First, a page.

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Seed vault in Arctic is mankind's 'insurance policy': project leader

by Staff Writers
Longyearbyen, Norway (AFP) Feb 26, 2008
An airtight vault carved into the Arctic permafrost and filled with samples of the world's most important seeds is an insurance policy for mankind, according to the project head.

"We're going to be having new climate conditions, (and) pests and diseases continue to evolve and mutate and they mount ever better attacks against our crops," Cary Fowler, executive director of the Global Crop Diversity Trust and project mastermind told AFP ahead of vault's inauguration on Tuesday.

The vault is made up of three spacious cold chambers inside a remote Arctic mountain some 1,000 kilometres (620 miles) from the North Pole.

It has the capacity to hold up to 4.5 million batches of seeds from all known varieties of the planet's main food crops, making it possible to re-establish plants if they disappear from their natural environment or are obliterated by major disasters.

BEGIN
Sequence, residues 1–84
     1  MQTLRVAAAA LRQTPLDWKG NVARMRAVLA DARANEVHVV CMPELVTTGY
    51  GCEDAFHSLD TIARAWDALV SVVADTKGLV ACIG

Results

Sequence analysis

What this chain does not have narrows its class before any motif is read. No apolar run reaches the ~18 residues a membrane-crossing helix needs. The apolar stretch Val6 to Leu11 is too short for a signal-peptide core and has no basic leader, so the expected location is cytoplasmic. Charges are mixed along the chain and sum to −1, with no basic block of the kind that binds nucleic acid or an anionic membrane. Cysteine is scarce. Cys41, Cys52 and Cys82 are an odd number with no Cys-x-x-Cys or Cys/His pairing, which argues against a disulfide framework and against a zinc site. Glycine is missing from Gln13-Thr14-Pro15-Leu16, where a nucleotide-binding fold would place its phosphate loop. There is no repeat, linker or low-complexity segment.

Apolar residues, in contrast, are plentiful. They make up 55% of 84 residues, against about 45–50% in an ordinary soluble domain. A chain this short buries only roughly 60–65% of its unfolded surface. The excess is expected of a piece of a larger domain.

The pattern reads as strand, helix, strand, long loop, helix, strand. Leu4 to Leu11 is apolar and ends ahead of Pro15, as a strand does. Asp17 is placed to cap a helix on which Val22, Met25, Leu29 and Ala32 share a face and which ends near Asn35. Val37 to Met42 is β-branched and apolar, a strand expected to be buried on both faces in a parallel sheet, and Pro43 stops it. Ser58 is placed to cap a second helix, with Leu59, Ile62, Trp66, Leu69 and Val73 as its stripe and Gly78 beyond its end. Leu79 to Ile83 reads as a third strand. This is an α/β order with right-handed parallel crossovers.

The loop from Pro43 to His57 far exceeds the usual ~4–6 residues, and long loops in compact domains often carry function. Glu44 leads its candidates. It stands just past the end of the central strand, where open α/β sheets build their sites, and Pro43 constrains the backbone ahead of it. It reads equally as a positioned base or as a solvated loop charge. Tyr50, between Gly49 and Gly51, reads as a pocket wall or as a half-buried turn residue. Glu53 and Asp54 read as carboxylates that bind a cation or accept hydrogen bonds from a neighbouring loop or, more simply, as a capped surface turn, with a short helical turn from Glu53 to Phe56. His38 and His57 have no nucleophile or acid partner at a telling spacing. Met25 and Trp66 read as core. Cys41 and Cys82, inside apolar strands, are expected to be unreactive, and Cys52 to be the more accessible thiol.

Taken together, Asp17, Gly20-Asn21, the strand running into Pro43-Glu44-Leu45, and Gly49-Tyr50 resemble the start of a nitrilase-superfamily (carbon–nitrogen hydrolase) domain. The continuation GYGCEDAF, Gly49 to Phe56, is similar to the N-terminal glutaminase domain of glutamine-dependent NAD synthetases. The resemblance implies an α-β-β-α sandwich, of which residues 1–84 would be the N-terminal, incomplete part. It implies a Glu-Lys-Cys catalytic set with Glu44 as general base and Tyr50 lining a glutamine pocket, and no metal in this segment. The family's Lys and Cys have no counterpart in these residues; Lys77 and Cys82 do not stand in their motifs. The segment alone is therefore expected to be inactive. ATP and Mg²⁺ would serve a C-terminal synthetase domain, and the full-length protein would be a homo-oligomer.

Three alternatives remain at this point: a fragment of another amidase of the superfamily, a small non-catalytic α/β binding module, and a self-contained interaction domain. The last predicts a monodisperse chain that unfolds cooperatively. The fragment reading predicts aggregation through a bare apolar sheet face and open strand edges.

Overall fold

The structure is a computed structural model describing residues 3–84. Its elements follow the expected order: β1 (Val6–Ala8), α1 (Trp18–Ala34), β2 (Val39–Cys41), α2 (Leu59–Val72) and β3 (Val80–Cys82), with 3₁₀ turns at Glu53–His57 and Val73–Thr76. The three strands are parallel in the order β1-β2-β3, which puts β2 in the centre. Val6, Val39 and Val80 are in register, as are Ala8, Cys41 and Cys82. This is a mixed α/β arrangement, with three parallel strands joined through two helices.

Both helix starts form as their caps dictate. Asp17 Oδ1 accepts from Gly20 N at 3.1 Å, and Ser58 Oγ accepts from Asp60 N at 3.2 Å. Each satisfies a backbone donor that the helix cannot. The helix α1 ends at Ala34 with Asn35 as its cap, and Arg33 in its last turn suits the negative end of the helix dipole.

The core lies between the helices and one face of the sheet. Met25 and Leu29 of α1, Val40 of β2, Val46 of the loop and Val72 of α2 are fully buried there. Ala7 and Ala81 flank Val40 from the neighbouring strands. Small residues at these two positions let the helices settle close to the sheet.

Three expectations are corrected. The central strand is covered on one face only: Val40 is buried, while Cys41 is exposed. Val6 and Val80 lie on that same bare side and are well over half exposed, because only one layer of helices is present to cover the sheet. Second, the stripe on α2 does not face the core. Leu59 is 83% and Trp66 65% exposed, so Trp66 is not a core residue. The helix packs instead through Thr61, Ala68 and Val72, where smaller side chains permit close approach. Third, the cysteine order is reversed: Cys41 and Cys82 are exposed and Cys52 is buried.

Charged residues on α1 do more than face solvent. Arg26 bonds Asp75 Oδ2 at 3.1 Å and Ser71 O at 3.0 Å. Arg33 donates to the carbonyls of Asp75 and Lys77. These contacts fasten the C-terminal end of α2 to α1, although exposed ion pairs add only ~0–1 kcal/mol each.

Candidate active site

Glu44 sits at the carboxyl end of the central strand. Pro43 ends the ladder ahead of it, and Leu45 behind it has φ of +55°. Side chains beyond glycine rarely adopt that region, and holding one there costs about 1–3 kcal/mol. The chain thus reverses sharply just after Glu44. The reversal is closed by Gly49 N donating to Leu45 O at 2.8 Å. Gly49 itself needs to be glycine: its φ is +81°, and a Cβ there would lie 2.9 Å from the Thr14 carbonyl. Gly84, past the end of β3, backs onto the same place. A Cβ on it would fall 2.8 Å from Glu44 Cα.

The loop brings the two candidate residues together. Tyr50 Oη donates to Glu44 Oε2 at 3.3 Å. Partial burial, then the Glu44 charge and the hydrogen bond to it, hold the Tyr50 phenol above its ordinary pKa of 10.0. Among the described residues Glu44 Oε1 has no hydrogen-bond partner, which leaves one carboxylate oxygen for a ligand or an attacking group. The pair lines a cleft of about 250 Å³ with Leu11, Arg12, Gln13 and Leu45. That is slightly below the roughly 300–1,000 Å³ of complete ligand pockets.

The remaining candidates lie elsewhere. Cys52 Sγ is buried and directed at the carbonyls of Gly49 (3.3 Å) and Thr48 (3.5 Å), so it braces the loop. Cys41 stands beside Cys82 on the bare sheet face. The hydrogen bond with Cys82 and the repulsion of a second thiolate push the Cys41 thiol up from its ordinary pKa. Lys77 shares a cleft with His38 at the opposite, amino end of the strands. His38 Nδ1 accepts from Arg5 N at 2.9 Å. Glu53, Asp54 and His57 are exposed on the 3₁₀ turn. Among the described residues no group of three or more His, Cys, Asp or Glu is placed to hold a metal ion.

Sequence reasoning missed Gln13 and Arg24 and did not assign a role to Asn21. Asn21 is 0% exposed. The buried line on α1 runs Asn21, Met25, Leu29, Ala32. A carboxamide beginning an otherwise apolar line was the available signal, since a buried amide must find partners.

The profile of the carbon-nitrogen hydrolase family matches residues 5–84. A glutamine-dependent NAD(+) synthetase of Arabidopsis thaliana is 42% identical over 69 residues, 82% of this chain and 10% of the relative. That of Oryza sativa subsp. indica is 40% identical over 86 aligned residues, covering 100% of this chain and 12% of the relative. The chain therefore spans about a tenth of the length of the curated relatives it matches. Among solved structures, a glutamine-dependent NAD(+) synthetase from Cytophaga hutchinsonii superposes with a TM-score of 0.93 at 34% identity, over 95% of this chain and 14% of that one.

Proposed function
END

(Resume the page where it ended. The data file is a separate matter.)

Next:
Fowler said there was a need for gene banks around the world that can directly supply plant breeders and researchers with the diversity they need.

The global seed vault in Arctic archipelago of Svalbard "is the back up, this is the insurance policy," he said.

Biodiversity is important because "that is what will enable those crops and all the rest of the crops in the world to adapt to new conditions."

"If we don't have diversity in our agricultural crops, agriculture comes to a standstill and dies."

"We need to improve production and nutrition and we probably need crops that are more drought resistant, that can produce yield without using so much water, and that use less fertilisers ... based on natural gas," Fowler said.

While the general public is well aware of the threat of extinction to animal species, far fewer are aware of the risk of crop extinction.

With whales or tigers or polar bears, "you can look at them in the eye and you can be very empathetic. But you can't do that with a wheat variety or carrot variety."

"The emotion is not there even though that's a very important natural resource for human beings," he said.

"We're losing that diversity every single day."

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Rising prices could force UN to cut food aid: WFP chief
London (AFP) Feb 25, 2008
The United Nations agency in charge of alleviating world hunger will be forced to consider rationing food aid because of rising prices, its executive director said in an interview published Monday.

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